National Railroad Passenger Corporation v. Morgan, 536 U.S. 101, 19 (2002)

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Cite as: 536 U. S. 101 (2002)

Opinion of the Court

fact that the statute in no way bars a plaintiff from recovering damages for that portion of the hostile environment that falls outside the period for filing a timely charge. Morgan correctly notes that the timeliness requirement does not dictate the amount of recoverable damages. It is but one in a series of provisions requiring that the parties take action within specified time periods, see, e. g., 2000e-5(b), (c), (d), none of which function as specific limitations on damages.

Explicit limitations on damages are found elsewhere in the statute. Section 1981a(b)(3), for example, details specific limitations on compensatory and punitive damages. Likewise, 2000e-5(g)(1) allows for recovery of backpay liability for up to two years prior to the filing of the charge. If Congress intended to limit liability to conduct occurring in the period within which the party must file the charge, it seems unlikely that Congress would have allowed recovery for two years of backpay. And the fact that Congress expressly limited the amount of recoverable damages elsewhere to a particular time period indicates that the timely filing provision was not meant to serve as a specific limitation either on damages or the conduct that may be considered for the purposes of one actionable hostile work environment claim.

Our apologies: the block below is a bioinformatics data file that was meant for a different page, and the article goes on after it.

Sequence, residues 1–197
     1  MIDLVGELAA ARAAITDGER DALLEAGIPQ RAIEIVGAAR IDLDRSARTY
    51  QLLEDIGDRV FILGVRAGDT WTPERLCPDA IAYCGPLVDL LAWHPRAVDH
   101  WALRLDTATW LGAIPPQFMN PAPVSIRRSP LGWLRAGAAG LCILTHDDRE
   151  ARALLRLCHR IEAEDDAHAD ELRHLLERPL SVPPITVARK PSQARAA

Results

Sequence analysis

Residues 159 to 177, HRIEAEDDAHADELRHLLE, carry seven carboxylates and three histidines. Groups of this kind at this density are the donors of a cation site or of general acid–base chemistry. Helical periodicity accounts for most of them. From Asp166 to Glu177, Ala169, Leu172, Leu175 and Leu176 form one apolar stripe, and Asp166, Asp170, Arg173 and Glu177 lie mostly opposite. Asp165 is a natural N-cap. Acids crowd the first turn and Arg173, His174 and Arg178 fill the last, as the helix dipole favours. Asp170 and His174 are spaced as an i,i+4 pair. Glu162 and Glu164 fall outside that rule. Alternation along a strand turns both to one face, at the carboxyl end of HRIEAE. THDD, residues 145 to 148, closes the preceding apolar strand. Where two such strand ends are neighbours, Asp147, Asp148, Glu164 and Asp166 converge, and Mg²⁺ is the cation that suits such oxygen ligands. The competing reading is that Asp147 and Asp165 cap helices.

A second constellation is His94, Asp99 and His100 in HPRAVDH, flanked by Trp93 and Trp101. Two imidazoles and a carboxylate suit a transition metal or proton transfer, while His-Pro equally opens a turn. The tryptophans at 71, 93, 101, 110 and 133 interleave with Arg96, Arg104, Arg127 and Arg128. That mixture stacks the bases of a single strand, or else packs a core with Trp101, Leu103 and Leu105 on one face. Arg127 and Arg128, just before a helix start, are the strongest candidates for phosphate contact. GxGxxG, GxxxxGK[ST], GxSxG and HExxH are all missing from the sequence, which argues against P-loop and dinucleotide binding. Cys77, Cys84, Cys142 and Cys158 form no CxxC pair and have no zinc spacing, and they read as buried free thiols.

It also makes little sense to limit the assessment of liability in a hostile work environment claim to the conduct that falls within the 180- or 300-day period given that this time period varies based on whether the violation occurs in a State or political subdivision that has an agency with authority to grant or seek relief. It is important to remember that the statute requires that a Title VII plaintiff must wait 60 days after proceedings have commenced under state or local law to file a charge with the EEOC, unless such proceedings have earlier terminated. 2000e-5(c). In such circumstances, however, the charge must still be filed within 300 days of the occurrence. See Mohasco, 447 U. S., at 825-826. The extended time period for parties who first file such

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